El Mensajero (English)

Posted: February 14, 2018

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Land trust helps keep families in their homes

By Annette Jiménez/EMC

ROCHESTER — One aspect of housing justice for city residents is to protect lower-income homeowners from foreclosures, which have a negative effect on neighborhoods, said Joe DiFiore, board president for the City Roots Community Land Trust.

A land trust is a form of community-led housing, owned and operated by residents or a nonprofit organization to develop and manage homes or other assets, according to information at www.cityrootsclt.org.

City Roots Community Land Trust was formed about two years ago in response to a foreclosure crisis faced by Liz McGriff, a city resident who is a City Roots board member. With the assistance of mediation arranged by the land trust, McGriff was able to negotiate with the bank holding the mortgage to her house in the city’s Beechwood neighborhood, DiFiore said.

She will repurchase the home with financing from a combination of grants from City Roots, St. Joseph’s House of Hospitality, and McGriff’s own funds and loans. City Roots also purchased the land on which the house sits to ensure the property remains affordable in perpetuity, DiFiore said. The arrangement with McGriff ensures she remains in her home and the house remains affordable for any future owners, he added.

“For all intents and purposes, it will be Liz’s house; she will have control, maintain it and pay taxes,” DiFiore said. “If she chooses to sell it (in the future), it will be sold at an affordable price.”

Having arrangements like the Rochester model worked well during the mortgage crisis of 2007-09 that hit other areas of the country, as homes that were part of land trusts were 10 times less likely to go into foreclosure, he added. There are about 225 land trusts of this kind across the country, DiFiore said.

The largest is Champlain Housing Trust in Burlington, Vt., which was founded in 1984 and oversees more than 200 homes and manages apartment buildings for low-income families, according to information at getahome.org.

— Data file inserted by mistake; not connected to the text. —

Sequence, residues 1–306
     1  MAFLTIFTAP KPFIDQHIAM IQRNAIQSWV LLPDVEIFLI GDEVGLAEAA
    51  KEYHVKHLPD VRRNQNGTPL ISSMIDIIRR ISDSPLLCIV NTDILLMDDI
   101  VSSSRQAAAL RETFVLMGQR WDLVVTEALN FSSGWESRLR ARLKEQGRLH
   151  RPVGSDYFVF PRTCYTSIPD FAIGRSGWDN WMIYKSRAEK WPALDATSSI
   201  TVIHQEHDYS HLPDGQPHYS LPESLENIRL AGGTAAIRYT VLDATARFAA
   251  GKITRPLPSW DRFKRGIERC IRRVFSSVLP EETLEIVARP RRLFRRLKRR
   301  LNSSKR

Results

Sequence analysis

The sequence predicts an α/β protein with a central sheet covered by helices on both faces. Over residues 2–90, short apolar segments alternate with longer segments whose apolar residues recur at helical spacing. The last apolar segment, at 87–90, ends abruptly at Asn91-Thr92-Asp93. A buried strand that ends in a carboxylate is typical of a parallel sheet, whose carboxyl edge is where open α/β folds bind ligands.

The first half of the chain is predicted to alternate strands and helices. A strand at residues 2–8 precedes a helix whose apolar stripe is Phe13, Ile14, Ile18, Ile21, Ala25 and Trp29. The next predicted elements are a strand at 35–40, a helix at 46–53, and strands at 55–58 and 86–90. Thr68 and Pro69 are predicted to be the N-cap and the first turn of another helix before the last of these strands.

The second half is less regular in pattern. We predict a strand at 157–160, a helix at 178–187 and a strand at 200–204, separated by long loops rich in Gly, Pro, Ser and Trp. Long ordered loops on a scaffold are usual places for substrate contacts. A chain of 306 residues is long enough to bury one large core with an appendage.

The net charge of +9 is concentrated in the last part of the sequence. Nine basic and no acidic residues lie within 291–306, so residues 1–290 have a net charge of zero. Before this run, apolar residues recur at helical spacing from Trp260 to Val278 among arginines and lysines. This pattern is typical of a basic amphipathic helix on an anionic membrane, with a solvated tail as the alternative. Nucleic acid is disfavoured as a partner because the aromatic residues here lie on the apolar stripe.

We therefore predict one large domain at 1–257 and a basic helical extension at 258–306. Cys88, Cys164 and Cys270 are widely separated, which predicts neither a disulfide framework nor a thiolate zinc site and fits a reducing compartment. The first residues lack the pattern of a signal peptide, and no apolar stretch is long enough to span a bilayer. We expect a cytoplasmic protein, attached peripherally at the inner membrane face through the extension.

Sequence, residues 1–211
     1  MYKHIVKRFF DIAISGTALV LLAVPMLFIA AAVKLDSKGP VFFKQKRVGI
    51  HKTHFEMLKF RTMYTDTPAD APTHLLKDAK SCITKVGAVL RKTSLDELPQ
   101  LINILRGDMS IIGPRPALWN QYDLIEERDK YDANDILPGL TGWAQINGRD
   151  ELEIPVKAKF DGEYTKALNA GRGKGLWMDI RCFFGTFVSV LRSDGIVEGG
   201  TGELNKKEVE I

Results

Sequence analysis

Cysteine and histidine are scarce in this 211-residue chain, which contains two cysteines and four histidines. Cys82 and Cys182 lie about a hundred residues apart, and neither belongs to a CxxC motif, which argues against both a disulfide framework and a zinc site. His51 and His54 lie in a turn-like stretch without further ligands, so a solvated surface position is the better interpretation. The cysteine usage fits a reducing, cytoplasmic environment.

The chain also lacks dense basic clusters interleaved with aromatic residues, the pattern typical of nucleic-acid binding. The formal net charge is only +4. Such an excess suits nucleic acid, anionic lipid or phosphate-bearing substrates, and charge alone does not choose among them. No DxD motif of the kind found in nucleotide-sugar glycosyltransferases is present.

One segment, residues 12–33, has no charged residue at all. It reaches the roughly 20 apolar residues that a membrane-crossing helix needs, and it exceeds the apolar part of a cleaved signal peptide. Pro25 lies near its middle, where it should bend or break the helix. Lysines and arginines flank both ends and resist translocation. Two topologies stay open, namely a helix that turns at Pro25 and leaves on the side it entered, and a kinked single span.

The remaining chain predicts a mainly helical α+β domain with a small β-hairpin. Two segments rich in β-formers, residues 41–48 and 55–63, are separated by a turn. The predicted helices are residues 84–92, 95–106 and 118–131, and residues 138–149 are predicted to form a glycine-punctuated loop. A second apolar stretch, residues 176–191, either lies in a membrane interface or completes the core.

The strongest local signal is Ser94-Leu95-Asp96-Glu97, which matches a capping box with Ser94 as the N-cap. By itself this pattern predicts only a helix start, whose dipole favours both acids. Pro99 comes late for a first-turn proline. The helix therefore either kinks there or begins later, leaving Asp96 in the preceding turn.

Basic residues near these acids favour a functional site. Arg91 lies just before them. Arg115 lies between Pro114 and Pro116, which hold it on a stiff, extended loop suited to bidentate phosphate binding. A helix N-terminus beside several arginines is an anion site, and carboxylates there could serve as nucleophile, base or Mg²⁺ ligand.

“The land trust comes into play as a support system,” DiFiore said. “We can get stopgap funding and connect (a homeowner) with legal services. With a land trust, you have an organization that has a vested interest in seeing you succeed and get back on track.”

McGriff’s story is a victory for her and the community at large, he added, noting that it represents a grassroots effort of community members finding solutions to help others who need those solutions most, he added.

“We’re trying to build people up,” DiFiore remarked.

Since they have similar goals of keeping families in their homes, members of City Roots and the newly formed City-Wide Tenants Union will work together to advocate and provide support for city residents, DiFiore added. For example, if the city enacted “just-cause eviction” protection that would prevent a landlord from arbitrary evictions, a tenant also would have first right of purchase on a house if a landlord is facing foreclosure, DiFiore said. Or, if a tenant’s home is going to be sold at auction due to a landlord not paying taxes, the tenant would have the option to pay the taxes owed to avoid eviction, he said. The land trust could step in and help raise funds to help tenants in both situations, DiFiore noted.

“The ultimate mission is about community control (of housing) and permanent affordability.” of housing options for city residents, he said.

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